After the Revolution, people began a westward migration, and disputes ensued over the ownership of the land. According to the “Ohio History Central” website, “The federal government encouraged the states to give up their claims within the Northwest Territory. Connecticut was one of the states with land claims in Ohio. While giving up its rights to most of the land, the state maintained its ownership of the northeastern corner of the territory. This area became known as the Connecticut Western Reserve. The Connecticut Land Company was a group of private speculators who purchased approximately three million acres of the Western Reserve. In 1796, the company sent one of its major investors, General Moses Cleaveland, to Ohio. He led the survey of company lands within the Western Reserve. “
The “Encyclopedia of Cleveland History” elaborates: “When the party arrived at Buffalo Creek, N.Y., Cleaveland met in treaty with Red Jacket, Joseph Brant, Farmer's Brother, and other Iroquois chiefs, and with gifts and persuasion convinced them their land had already been ceded through Gen. Anthony Wayne's Treaty of Greenville. Although they had not signed the treaty, the Indians relinquished their claim to the land to the Cuyahoga River. At the mouth of Conneaut Creek, the party on 27 June 1796 negotiated with the Massasagoes tribe, who challenged their claim to their country. Cleaveland described his agreement with the Six Nations, promised not to disturb their people, and gave them trinkets, wampum, and whiskey in exchange for safety to explore to the Cuyahoga River. Cleaveland arrived at the mouth of the Cuyahoga on 22 July 1796, and believing that the location, where river, lake, low banks, dense forests, and high bluffs provided both protection and shipping access, was the ideal location for the "capital city" of the Connecticut Western Reserve, paced out a 10-acre New England-like Public Square. His surveyors plotted a town, naming it Cleaveland. In Oct. 1796, Cleaveland and most of his party returned to Connecticut, where he continued his law practice until his death, never returning to the Western Reserve. A memorial near his grave in Canterbury, Conn., erected 16 Nov. 1906 by the Cleveland Chamber of Commerce, reads that Cleaveland was "a lawyer, a soldier, a legislator and a leader of men."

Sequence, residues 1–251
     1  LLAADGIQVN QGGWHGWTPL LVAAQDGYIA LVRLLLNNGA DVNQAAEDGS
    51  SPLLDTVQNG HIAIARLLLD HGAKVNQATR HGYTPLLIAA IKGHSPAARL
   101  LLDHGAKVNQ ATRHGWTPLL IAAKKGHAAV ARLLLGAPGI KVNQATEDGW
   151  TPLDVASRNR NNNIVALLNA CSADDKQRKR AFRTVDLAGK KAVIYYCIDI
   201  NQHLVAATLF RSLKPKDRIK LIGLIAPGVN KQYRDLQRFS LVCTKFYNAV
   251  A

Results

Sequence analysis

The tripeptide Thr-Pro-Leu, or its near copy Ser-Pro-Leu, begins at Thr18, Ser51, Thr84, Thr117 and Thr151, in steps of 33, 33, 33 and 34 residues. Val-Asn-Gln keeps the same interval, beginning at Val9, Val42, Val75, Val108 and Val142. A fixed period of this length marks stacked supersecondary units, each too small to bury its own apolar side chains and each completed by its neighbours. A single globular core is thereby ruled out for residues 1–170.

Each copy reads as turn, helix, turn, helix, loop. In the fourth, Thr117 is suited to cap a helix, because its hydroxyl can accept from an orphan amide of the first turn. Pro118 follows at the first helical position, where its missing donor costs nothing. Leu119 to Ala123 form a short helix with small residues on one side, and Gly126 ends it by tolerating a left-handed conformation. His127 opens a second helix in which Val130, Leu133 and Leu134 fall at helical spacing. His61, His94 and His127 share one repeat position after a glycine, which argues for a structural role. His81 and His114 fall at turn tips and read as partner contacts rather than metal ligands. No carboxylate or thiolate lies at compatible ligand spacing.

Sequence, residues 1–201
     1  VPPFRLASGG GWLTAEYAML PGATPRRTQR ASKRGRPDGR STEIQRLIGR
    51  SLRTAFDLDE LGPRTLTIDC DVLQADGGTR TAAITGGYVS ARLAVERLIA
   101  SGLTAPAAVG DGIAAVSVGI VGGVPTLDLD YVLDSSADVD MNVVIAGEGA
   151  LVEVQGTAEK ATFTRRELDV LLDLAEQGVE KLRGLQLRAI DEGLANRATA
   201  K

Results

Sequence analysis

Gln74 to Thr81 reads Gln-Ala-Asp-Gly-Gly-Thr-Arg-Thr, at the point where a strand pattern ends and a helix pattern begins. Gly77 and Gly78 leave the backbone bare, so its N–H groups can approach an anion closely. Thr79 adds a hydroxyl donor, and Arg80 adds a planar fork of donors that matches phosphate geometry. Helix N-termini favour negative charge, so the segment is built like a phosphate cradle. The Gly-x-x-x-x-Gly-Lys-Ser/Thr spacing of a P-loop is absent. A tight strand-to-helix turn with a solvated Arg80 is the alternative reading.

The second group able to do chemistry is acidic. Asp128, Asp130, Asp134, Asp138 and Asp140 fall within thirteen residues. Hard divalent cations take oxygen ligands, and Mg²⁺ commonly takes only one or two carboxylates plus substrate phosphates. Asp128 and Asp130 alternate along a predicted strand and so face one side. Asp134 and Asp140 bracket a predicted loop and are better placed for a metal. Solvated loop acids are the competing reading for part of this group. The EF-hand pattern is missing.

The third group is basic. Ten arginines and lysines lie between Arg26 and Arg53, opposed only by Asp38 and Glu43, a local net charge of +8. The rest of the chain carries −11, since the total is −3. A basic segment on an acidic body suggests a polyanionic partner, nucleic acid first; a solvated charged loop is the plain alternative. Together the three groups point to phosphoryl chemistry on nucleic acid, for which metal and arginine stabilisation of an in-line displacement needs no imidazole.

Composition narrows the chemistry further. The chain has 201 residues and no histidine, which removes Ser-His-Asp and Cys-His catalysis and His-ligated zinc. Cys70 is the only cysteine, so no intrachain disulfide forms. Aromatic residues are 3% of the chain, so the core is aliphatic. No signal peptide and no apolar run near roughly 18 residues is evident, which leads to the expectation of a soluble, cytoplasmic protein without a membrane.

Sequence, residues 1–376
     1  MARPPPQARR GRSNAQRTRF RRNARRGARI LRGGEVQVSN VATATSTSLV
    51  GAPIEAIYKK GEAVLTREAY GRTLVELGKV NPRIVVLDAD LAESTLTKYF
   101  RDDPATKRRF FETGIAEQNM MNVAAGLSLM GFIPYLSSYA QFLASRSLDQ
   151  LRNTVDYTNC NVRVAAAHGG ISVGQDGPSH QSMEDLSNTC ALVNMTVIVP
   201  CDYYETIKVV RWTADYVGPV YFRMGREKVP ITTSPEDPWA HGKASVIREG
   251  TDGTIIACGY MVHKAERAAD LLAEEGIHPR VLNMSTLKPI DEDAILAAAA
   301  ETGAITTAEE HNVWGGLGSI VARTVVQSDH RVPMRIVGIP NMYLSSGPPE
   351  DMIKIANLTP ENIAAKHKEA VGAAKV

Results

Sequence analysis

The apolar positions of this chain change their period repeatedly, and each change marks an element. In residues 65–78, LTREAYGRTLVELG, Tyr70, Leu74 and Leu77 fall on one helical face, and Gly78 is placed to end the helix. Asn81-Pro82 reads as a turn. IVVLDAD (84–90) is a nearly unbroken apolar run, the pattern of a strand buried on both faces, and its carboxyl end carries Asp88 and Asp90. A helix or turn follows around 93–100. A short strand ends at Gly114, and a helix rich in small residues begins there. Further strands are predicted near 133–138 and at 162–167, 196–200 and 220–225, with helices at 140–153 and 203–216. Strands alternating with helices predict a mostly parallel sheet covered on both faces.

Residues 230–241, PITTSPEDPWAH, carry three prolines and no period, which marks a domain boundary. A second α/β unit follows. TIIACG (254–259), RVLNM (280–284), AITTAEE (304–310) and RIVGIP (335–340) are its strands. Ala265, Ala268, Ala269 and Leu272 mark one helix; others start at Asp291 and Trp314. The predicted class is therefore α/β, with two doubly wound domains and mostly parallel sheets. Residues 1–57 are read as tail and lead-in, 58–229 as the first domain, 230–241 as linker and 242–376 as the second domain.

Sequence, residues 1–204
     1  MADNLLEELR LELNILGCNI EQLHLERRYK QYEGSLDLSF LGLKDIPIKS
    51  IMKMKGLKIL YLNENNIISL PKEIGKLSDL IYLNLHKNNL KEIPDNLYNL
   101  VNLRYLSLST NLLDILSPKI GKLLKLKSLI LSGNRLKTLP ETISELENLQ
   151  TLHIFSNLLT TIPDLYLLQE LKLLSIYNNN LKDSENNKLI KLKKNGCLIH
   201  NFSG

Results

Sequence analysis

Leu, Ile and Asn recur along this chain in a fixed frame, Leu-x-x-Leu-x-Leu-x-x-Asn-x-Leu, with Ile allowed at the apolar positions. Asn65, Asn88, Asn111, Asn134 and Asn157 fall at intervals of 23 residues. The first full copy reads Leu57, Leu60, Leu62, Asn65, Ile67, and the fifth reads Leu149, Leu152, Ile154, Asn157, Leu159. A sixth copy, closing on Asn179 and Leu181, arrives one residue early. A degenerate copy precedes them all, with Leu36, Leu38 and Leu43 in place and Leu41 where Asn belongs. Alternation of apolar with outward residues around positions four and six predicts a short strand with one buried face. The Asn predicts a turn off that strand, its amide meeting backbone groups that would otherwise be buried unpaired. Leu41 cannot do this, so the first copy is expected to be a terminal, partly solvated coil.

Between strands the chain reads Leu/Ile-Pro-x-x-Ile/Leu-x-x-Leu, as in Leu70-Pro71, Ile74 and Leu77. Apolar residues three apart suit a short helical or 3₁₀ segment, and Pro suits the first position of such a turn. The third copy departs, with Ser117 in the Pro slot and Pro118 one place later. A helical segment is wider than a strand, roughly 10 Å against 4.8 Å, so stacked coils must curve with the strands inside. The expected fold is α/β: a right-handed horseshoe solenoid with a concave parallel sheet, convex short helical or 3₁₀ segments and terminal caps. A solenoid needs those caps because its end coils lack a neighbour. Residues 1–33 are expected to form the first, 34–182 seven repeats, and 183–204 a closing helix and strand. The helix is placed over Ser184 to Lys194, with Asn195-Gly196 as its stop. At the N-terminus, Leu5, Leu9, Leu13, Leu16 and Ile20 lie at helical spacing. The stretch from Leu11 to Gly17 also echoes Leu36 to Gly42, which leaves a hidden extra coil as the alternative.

According to Wikipedia, the city of Cleveland got its name from Moses Cleaveland when a newspaper printer dropped the “a” to fit the name in the masthead. Ohio History Central indicates the name change was due to a spelling error on a map.
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Statue on Public Square